Grandpa was my mother Linda's beloved Daddy. He was a brilliant engineer, an inventor, a lover of every water sport he ever met. He adored his wife and his three daughters with total - if distracted - dedication. He stood over 6 feet tall (even more rare for a man born in the 20's, I think) - I can vividly remember the view from his shoulders, and from his windsurf board, where I would often ride, my hands between his on the boom, flying across the lakes of Minnesota (rumored to be a thousand in number).
I can remember what his feet looked like in socks, and barefoot: size 13, like small flippers - he could slice through water, and arc up into a wave with perfect ease, his long, strong arms pulling him effortlessly to the crest, seeming never to get tossed in the sucking surf like the rest of us, whose ears, hair, and bathing suits were full of sand from the shell-studded Atlantic floor, those Christmases we spent in Florida, visiting his mother, my Great-Grandma Lou.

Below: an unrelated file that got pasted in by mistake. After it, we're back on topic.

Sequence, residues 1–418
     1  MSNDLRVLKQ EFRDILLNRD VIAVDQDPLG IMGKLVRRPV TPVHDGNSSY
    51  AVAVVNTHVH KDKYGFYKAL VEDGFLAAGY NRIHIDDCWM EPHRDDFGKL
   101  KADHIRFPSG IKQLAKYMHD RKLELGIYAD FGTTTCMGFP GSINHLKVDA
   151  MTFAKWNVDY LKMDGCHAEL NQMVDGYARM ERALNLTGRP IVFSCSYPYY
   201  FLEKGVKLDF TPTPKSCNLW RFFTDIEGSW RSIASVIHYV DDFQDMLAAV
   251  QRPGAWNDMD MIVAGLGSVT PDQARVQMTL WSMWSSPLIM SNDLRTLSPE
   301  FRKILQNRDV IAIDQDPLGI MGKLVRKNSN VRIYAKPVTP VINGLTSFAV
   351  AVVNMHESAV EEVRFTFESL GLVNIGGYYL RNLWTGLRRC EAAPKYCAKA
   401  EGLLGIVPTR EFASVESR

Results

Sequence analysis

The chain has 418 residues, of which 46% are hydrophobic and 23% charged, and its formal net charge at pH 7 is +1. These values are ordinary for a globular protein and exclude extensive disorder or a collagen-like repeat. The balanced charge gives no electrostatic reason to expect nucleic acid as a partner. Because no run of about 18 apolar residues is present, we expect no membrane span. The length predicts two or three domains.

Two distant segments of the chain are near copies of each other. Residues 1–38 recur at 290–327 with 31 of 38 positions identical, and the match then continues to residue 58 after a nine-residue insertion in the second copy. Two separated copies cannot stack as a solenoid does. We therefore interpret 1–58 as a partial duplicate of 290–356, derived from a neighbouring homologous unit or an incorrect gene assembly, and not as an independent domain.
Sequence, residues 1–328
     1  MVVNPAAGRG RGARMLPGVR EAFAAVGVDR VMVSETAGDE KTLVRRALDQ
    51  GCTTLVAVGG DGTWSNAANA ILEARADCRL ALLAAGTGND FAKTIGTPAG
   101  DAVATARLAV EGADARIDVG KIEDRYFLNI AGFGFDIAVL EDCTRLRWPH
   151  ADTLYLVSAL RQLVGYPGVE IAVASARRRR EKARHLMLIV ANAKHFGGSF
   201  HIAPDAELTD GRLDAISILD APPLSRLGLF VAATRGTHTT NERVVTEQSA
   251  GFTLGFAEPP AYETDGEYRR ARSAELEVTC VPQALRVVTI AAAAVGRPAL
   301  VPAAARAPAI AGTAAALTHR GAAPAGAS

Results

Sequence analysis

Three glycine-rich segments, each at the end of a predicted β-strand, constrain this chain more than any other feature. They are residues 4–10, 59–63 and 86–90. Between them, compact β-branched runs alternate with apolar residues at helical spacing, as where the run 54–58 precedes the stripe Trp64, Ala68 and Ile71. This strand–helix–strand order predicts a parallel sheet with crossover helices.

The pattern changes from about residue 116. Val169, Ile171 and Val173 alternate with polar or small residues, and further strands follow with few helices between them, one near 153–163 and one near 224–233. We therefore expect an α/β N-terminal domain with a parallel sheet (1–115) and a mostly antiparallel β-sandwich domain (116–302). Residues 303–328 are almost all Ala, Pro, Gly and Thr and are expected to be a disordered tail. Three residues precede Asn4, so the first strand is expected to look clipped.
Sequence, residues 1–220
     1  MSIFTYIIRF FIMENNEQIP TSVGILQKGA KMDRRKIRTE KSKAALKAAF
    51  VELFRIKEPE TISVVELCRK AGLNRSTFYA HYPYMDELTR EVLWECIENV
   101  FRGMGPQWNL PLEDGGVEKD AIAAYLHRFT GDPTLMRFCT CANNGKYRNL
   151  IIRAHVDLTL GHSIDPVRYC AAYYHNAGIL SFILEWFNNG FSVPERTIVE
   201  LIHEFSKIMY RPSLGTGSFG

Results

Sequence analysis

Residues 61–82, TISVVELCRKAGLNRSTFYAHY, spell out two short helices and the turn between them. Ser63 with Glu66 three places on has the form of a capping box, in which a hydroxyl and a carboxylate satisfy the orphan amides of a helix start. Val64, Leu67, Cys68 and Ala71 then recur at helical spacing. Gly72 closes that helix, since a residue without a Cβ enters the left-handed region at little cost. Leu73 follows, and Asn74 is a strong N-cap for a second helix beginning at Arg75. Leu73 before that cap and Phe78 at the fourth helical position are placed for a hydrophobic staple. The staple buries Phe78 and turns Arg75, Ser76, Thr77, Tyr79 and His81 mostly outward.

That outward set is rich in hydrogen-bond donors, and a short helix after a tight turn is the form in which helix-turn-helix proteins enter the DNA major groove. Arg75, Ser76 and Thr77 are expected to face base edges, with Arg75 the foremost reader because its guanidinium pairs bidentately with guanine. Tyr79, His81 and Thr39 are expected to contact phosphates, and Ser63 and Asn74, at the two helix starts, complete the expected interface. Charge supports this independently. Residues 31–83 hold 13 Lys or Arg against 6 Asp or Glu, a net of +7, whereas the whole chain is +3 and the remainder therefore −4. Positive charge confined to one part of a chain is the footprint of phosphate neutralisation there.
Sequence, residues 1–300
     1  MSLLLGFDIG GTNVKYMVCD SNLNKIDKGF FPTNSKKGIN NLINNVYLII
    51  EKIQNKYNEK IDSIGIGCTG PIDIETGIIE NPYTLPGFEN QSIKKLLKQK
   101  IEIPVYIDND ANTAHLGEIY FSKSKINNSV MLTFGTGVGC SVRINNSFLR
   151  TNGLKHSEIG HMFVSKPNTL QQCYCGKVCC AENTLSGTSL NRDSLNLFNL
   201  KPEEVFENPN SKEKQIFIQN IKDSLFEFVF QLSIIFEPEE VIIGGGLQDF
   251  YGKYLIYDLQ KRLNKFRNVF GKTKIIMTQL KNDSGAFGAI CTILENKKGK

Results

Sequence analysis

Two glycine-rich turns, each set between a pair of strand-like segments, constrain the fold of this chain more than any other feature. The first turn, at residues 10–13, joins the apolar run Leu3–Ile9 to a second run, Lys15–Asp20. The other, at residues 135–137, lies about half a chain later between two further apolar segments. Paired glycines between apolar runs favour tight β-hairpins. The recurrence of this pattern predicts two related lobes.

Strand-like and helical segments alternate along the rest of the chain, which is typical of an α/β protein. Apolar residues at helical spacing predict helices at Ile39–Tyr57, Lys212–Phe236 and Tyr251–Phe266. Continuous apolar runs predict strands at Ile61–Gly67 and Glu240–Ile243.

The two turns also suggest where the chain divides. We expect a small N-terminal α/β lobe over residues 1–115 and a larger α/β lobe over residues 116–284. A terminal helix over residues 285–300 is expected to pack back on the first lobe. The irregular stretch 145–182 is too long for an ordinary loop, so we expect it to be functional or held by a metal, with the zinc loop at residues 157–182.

Grandpa could fix anything, and did. He always let me play music as loud as I wanted to, and was genuinely delighted to hear me belt out the words: he thought my memory for lyrics was amazing, never cared if they were off-key.
When Grandma got cancer for the last time, Grandpa nursed his wife of 60 years - the girl who had lived next door from the time they were 9, and making tin-can telephones to span the distance between their bedroom windows, until he married her when they were 20 - round-the-clock for three heart-wrenching years, even learning to clean the kitchen and the floor to her specs (a truly heroic task). Thank you, Grandpa. We miss you so much already. May you rest in peace, and joy.